New Jersey Pedestrian Fatalities Down 19 Percent

Pedestrian fatalities in New Jersey have dropped 19 percent, according to PressofAtlanticCity.com. A recent New Jersey law that requires motorists to stop for pedestrians in crosswalks may be responsible for the decline in pedestrian deaths.

After a very large increase in pedestrian fatalities in 2009, the law took effect in April of this year. New Jersey pedestrian fatalities have since dropped from 115 to 93 during the period from January through September. Some other measures the state has taken may also be partially responsible for the decline in deaths in New Jersey pedestrian accidents. Ocean City held four days of police checks over the summer, installed 15 pedestrian safety signs, and painted more crosswalks along the beach. Police in Atlantic County and Cumberland County used federal funds to deploy decoy pedestrians in the summer months in order to increase awareness of the program and to warn motorists of the dangers they pose to pedestrians.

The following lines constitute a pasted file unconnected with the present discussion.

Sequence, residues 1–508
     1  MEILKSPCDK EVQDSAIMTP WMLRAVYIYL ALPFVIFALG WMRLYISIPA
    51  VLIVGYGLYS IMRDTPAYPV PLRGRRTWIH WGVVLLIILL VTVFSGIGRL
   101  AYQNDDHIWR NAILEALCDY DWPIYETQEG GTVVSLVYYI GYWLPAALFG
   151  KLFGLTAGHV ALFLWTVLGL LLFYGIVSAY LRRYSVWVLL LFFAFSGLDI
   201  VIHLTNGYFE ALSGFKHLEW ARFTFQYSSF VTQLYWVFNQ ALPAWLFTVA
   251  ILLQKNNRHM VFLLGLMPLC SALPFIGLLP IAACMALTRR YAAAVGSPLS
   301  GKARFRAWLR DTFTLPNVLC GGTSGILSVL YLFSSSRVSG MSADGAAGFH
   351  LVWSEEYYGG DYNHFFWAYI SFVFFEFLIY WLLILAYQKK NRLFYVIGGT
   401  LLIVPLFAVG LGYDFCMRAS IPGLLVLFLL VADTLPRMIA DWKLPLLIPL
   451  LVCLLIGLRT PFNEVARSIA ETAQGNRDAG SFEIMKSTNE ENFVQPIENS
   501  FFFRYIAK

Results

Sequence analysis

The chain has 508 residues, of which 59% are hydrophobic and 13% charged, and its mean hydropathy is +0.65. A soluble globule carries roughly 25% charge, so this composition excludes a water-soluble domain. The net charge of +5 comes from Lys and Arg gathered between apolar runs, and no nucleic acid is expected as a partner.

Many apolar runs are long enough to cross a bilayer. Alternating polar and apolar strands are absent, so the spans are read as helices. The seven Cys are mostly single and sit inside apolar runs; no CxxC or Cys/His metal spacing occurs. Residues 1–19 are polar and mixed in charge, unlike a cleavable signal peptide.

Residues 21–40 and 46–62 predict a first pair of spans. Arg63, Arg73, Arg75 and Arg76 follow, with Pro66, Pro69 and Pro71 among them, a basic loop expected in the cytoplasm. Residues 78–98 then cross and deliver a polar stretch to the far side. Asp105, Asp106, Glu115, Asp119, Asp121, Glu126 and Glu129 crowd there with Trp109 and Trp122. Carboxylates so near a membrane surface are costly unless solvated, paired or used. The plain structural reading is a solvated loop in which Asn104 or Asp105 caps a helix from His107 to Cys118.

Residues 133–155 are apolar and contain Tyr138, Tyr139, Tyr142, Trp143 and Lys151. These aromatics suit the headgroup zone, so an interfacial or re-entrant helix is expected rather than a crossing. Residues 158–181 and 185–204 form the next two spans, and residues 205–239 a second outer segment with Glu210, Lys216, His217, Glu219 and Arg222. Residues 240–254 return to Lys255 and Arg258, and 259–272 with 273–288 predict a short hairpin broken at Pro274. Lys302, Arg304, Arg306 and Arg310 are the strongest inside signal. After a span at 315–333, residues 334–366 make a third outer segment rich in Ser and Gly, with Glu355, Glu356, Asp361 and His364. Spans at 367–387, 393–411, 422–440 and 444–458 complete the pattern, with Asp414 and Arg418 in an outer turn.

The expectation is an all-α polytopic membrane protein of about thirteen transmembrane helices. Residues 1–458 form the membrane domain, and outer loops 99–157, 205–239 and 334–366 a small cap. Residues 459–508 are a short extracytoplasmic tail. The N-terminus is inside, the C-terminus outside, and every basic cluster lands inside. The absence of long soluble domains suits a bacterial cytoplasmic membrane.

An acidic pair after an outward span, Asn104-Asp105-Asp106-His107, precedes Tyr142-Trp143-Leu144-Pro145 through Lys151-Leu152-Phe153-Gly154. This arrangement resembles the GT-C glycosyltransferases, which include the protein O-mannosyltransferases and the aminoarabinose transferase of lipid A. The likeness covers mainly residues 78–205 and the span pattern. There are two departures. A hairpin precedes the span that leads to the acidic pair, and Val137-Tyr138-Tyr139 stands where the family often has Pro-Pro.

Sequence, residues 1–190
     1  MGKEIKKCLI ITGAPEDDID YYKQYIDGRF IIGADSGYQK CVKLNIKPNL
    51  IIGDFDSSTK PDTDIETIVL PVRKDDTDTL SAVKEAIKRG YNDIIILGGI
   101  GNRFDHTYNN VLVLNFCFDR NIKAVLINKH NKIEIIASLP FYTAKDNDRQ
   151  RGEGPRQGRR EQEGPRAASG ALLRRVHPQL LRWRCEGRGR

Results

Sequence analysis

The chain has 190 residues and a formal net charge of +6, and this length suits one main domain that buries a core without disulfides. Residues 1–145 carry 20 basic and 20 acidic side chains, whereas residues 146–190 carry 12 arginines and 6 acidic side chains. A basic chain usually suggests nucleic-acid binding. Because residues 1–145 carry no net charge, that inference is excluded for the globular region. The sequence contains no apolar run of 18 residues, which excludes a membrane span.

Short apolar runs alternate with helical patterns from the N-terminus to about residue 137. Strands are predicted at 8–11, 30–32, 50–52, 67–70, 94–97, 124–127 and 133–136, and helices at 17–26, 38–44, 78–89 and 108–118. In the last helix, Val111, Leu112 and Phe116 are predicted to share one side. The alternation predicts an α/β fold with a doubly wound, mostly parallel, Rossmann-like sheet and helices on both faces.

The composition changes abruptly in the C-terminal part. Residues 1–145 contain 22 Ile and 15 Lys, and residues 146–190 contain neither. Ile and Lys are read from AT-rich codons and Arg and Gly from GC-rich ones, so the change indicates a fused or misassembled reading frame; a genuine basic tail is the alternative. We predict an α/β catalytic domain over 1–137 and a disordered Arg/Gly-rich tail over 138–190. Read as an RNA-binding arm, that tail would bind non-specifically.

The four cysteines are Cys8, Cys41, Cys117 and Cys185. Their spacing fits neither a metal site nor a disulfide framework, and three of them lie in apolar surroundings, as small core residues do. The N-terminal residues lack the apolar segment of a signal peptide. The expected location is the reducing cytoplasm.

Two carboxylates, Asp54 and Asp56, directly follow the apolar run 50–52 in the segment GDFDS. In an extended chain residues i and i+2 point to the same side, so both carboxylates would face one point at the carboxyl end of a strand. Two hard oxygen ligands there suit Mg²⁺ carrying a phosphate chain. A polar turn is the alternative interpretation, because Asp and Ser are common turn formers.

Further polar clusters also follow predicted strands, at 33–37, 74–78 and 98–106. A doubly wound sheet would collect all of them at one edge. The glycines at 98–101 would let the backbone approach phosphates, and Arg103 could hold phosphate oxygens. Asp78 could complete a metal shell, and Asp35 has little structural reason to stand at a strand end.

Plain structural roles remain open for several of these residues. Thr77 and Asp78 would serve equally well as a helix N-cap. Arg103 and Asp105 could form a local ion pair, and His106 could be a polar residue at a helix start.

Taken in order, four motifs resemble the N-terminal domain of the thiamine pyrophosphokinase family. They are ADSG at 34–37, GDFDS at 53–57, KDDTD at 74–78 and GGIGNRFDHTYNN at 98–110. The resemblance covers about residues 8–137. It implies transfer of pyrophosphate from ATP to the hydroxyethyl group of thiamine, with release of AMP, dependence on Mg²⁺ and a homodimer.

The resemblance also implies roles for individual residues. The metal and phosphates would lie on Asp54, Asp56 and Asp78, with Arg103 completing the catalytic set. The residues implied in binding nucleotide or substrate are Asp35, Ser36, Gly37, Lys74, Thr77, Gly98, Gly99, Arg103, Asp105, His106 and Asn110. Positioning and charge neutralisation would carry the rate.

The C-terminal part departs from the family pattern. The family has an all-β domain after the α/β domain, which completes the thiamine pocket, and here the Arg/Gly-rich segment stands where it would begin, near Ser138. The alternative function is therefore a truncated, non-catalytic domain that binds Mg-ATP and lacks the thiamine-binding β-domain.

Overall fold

Some drivers have worried that the new law would cause pedestrians to feel safer to step into the street and into danger. Another concern was that a car may stop for a pedestrian, but the car traveling behind the stopped car may fail to stop in time. An even greater danger is a car that is stopped for a pedestrian, and the car behind that car decides to pass on the right.

It’s important for both pedestrians and motorists to be aware of each other around crosswalks and on roadways. If you have been injured in a New Jersey pedestrian accident, contact the experienced Princeton pedestrian accident attorneys at Lependorf & Silverstein at 609-240-0040 for a free consultation of your case.